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Slow intermixing of cells during Xenopus embryogenesis contributes to the consistency of the blastomere fate map

Wetts, Richard and Fraser, Scott E. (1989) Slow intermixing of cells during Xenopus embryogenesis contributes to the consistency of the blastomere fate map. Development, 105 (1). pp. 9-15. ISSN 0950-1991. http://resolver.caltech.edu/CaltechAUTHORS:20120517-145508292

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Abstract

The relatively consistent fates of the blastomeres of the frog embryo could result from (i) predetermination of the blastomeres or (ii) reproducible morphogenetic cell movements. In some species, the mixing of the cells during development provides a test between these alternative hypotheses. If blastomeres are predetermined, then random intermixing of the descendants with neighboring cells could not alter their fate. To follow cell mixing during Xenopus development, fluorescent dextran lineage tracers were microinjected into identified blastomeres at the 16-cell stage. The labelled descendants of the injected blastomeres were followed over several stages of embryogenesis. After gastrulation, the labelled descendants formed relatively coherent groups in characteristic regions of the embryo. By larval stages, most of the labelled descendants were still located in characteristic regions. However, coherence was less pronounced and individual descendants were located in many regions of the embryo. Hence, cell mixing is a slow, but progressive, process throughout Xenopus development. This is in sharp contrast to the extensive mixing that occurs during the early development of other vertebrates, such as zebrafish and mice. The slow cell mixing in Xenopus development suggests a simple mechanism for the consistent fates of cleavage-stage blastomeres. The stereotyped cell movements of embryogenesis redistribute the largely coherent descendants to characteristic locations in the embryo. The small amount of mixing that does occur would result in variable locations of a small proportion of the descendants; this could contribute to the observed variability of the blastomere fate map. Because cell mixing during Xenopus development is insufficient to challenge possible lineage restrictions, additional experiments must be performed to establish when and if lineage restrictions occur.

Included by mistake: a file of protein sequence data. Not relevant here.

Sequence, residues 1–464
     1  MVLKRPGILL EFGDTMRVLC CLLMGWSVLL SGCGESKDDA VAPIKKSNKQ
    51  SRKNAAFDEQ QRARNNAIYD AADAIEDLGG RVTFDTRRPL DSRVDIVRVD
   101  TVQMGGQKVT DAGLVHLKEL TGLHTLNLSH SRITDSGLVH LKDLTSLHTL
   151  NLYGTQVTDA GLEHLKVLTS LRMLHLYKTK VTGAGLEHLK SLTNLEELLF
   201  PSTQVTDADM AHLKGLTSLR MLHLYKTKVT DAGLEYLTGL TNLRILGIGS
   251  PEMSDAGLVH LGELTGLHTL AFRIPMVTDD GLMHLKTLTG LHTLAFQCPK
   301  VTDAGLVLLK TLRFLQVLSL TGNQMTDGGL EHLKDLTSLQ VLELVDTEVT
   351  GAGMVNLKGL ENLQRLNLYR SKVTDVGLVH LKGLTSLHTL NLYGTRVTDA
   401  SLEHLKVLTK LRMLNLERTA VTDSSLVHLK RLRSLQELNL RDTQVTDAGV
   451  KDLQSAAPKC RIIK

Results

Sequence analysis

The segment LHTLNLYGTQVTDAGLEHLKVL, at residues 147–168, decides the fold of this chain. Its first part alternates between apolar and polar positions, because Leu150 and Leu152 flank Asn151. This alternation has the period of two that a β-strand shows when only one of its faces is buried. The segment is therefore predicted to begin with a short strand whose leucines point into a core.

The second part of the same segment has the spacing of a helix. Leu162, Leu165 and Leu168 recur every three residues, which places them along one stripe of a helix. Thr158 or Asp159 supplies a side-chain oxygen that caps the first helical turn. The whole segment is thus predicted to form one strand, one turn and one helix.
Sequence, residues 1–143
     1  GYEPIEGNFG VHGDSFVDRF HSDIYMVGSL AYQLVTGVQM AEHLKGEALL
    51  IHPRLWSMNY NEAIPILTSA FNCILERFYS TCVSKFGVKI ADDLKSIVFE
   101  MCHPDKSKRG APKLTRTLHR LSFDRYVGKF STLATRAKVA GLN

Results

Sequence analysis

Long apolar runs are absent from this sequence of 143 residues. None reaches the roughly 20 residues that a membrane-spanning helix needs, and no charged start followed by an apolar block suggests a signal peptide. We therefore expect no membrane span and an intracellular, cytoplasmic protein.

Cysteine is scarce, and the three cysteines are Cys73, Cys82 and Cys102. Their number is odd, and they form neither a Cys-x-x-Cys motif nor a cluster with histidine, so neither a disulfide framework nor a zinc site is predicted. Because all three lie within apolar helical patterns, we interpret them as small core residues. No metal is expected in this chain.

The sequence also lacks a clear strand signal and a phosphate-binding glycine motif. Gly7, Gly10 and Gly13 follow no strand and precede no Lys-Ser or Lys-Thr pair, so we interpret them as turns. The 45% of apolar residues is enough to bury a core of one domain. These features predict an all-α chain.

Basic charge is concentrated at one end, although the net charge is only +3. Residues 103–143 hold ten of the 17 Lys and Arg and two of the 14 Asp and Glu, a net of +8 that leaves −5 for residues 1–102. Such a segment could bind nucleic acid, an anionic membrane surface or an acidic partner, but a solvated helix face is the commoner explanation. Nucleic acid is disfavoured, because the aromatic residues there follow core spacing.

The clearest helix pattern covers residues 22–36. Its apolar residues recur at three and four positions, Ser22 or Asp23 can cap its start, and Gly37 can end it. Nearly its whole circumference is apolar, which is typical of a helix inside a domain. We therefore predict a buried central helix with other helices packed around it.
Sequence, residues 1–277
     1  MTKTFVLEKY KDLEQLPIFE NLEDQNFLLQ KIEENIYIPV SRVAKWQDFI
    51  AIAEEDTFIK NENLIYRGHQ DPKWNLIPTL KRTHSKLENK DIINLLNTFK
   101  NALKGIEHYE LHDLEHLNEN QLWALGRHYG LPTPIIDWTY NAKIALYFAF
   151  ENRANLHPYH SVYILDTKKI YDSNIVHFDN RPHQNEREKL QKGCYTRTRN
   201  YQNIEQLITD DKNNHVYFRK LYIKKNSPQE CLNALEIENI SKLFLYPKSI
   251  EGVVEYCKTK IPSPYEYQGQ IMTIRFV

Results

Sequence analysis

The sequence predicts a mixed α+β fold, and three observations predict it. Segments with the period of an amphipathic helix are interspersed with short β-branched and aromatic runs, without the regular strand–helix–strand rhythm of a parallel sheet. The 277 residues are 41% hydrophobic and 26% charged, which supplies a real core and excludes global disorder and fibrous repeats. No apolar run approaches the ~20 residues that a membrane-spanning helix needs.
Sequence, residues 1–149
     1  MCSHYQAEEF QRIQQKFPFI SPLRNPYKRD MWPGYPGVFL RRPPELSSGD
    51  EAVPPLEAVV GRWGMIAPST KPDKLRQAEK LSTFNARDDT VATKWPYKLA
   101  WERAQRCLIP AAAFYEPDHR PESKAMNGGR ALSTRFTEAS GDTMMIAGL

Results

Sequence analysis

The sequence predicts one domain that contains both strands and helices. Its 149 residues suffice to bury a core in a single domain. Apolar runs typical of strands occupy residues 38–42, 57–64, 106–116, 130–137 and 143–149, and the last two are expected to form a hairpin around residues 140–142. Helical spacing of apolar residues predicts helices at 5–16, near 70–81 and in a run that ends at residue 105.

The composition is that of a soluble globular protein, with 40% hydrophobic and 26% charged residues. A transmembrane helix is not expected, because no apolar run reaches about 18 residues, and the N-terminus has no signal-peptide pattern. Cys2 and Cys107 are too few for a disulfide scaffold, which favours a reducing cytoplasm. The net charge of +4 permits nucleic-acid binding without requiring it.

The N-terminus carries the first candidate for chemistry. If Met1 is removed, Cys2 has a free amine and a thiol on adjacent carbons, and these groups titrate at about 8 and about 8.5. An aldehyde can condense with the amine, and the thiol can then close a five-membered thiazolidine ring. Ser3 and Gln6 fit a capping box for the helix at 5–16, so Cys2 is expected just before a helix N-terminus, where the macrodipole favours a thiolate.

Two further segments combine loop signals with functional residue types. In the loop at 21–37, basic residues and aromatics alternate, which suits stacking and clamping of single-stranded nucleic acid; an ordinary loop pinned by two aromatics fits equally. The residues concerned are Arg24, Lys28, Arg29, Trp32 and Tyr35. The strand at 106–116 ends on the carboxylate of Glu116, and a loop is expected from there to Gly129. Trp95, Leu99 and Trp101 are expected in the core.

Item Type:Article
Related URLs:
URLURL TypeDescription
http://dev.biologists.org/content/105/1/9.abstractPublisherUNSPECIFIED
Additional Information:© 1989 The Company of Biologists Limited. Accepted 30 September 1988. This work was supported by grants from the National Science Foundation (BNS 8608356) and the Monsanto Corporation and by a McKnight Foundation Scholar Award (S. E. F.). We thank M. S. Carhart, S. Burgan and S. Olson for their technical assistance. Preliminary results from this work have been previously published (Wetts & Fraser, 1986; Wetts et al. 1988).
Funders:
Funding AgencyGrant Number
NSFBNS 8608356
Monsanto CorporationUNSPECIFIED
McKnight Foundation Scholar Award UNSPECIFIED
Subject Keywords:cell mixing; cell lineage; fate mapping; amphibian gastrulation; fluorescent dextran
Record Number:CaltechAUTHORS:20120517-145508292
Persistent URL:http://resolver.caltech.edu/CaltechAUTHORS:20120517-145508292
Usage Policy:No commercial reproduction, distribution, display or performance rights in this work are provided.
ID Code:31534
Collection:CaltechAUTHORS
Deposited By: Jason Perez
Deposited On:18 May 2012 15:35
Last Modified:26 Dec 2012 15:13

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